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Copernicus: Platonist Astronomer-Philosopher

Cosmic Order, the Movement of the Earth, and the Scientific Revolution

Matjaz Vesel

In 1543, Copernicus publicly defended geokinetic and heliocentric universe. This book examines why and how he became a Copernican and what his affirmation of heliocentrism means in the context of the Scientific Revolution. Close reading of Copernicus’ texts and examination of his sociocultural context reveals his commitment to the Platonist program of True Astronomy, which is to discover the well-proportioned, harmonious universe, hidden beyond visible appearances, but accessible through mathematical reasoning. The principal goal of the work is to show that the hypothesis of Copernicus’ Platonism brings unity and internal coherence to his project and provides historical background of his contributions to the Scientific Revolution.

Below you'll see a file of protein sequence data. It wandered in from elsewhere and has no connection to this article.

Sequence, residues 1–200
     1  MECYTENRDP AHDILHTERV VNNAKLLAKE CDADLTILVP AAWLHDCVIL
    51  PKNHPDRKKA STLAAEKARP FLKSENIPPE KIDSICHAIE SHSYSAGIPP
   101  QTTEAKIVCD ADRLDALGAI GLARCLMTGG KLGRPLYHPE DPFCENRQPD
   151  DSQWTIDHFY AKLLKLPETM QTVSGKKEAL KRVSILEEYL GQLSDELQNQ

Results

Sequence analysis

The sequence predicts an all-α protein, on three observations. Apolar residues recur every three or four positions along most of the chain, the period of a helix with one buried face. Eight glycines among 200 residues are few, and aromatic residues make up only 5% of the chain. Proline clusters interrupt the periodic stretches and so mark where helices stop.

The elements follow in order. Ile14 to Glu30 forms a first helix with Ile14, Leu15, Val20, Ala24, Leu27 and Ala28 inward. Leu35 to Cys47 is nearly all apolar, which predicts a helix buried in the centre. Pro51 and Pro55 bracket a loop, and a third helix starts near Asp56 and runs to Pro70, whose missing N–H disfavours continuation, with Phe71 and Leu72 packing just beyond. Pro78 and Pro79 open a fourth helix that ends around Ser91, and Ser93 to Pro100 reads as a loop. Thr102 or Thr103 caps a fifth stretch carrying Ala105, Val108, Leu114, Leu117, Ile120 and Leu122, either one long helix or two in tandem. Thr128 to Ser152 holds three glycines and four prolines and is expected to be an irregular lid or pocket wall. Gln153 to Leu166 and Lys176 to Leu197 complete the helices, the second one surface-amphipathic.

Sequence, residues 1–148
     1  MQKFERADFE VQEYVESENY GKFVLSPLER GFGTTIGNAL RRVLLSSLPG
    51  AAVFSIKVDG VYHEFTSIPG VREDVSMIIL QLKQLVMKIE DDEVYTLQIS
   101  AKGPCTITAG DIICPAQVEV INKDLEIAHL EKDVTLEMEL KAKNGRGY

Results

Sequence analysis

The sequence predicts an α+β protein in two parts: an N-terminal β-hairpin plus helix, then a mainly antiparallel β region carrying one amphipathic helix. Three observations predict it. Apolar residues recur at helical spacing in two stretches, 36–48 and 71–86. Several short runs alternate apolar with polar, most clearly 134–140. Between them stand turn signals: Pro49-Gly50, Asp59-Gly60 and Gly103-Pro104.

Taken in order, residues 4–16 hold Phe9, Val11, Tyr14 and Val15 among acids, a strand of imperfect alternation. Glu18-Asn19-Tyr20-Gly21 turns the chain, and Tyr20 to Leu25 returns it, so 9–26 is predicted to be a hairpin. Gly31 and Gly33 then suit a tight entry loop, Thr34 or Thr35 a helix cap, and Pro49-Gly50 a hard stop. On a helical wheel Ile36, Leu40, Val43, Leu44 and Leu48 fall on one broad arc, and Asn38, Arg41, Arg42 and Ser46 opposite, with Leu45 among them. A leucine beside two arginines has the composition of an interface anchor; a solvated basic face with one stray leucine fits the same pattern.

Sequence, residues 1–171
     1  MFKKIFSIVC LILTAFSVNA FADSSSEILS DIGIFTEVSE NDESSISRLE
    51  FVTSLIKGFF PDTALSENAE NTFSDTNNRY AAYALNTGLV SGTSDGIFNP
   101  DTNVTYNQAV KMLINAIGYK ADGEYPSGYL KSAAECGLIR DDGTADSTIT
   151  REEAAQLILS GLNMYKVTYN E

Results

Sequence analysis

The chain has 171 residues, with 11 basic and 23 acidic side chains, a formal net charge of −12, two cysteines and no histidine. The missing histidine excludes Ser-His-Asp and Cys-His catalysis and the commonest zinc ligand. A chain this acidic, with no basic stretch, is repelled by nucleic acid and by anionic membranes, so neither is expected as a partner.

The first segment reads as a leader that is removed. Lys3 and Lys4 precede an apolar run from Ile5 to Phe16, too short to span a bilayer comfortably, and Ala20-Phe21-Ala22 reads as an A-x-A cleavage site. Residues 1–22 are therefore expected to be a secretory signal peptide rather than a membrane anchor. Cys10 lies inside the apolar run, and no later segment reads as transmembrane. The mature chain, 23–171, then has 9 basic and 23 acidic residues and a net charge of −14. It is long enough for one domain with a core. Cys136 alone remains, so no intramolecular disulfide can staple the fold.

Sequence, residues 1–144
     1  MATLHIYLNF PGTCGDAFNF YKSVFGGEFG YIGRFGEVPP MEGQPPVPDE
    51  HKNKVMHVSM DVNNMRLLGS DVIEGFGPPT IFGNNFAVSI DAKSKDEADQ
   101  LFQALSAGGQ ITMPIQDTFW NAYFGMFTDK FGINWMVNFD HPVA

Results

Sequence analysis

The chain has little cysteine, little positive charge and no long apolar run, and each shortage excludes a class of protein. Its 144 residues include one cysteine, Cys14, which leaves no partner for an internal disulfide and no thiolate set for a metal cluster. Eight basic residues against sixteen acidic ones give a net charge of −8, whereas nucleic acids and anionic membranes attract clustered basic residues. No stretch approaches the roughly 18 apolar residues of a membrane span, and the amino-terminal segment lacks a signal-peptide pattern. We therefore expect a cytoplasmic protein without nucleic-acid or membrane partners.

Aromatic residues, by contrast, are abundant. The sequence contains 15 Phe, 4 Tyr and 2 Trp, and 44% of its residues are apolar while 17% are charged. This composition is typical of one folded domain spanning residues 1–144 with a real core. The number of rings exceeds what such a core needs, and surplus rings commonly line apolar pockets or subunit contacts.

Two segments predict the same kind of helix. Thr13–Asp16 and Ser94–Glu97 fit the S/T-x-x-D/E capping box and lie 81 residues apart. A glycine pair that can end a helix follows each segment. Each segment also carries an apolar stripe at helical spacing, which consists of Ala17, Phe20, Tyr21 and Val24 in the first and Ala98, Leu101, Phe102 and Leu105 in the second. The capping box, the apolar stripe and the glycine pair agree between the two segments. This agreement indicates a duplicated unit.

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I. Editions and translations of Nicholas Copernicus’ works

Translation of Theophylactus' Letters

Theophylactus Simocatta, the Moralist, his Ethical, Rustic, and Love Letters in a Latin Translation, in N. Copernicus, Minor Works, tr. and comm. E. Rosen, with the assistance of E. Hilfstein (Baltimore & London: Johns Hopkins University Press, 1992), pp. 27-50.


Commentariolus, in N. Swerdlow, “The Derivation and First Draft of Copernicus’ Planetary Theory: A Translation of the Commentariolus with Commentary,” Proceedings of the American Philosophical Society 67 (1973), pp. 423-512.

Commentariolus, in H. Hugonnard-Roche, and J.-P Verdet, Introductions à l’astronomie de Copernic. Le Commentariolus de Copernic. La Narratio prima de Rheticus (Paris: A. Blanchard, 1975), pp. 68-91.

Nicolai Copernici De Hypothesibus motuum coelestium a se constitutis Commentariolus [Latin-German], ed. and tr. H. G. Zekl, in N. Copernicus, Das neue Weltbild (Hamburg: Felix Meiner, 1990), pp. 1-35.

Commentariolus, in N. Copernicus, Minor Works, tr. E. Rosen with the assistance of E. Hilfstein (Baltimore & London: The Johns Hopkins University Press, 1992), pp. 81-90.

Letter against Werner

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